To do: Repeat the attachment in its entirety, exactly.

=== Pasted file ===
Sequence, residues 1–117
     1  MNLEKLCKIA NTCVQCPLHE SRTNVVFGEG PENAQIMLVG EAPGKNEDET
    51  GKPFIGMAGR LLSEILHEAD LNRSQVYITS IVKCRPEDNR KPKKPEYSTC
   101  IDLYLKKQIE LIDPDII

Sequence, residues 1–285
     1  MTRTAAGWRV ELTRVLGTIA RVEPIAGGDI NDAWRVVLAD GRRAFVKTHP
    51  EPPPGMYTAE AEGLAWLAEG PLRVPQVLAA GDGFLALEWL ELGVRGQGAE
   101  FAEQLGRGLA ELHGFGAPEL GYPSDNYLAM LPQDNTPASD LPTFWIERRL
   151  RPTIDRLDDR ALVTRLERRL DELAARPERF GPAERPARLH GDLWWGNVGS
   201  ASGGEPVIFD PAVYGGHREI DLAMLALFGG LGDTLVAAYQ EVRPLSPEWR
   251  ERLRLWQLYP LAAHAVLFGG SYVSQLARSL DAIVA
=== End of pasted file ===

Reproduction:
Sequence, residues 1–117
     1  MNLEKLCKIA NTCVQCPLHE SRTNVVFGEG PENAQIMLVG EAPGKNEDET
    51  GKPFIGMAGR LLSEILHEAD LNRSQVYITS IVKCRPEDNR KPKKPEYSTC
   101  IDLYLKKQIE LIDPDII

Sequence, residues 1–285
     1  MTRTAAGWRV ELTRVLGTIA RVEPIAGGDI NDAWRVVLAD GRRAFVKTHP
    51  EPPPGMYTAE AEGLAWLAEG PLRVPQVLAA GDGFLALEWL ELGVRGQGAE
   101  FAEQLGRGLA ELHGFGAPEL GYPSDNYLAM LPQDNTPASD LPTFWIERRL
   151  RPTIDRLDDR ALVTRLERRL DELAARPERF GPAERPARLH GDLWWGNVGS
   201  ASGGEPVIFD PAVYGGHREI DLAMLALFGG LGDTLVAAYQ EVRPLSPEWR
   251  ERLRLWQLYP LAAHAVLFGG SYVSQLARSL DAIVA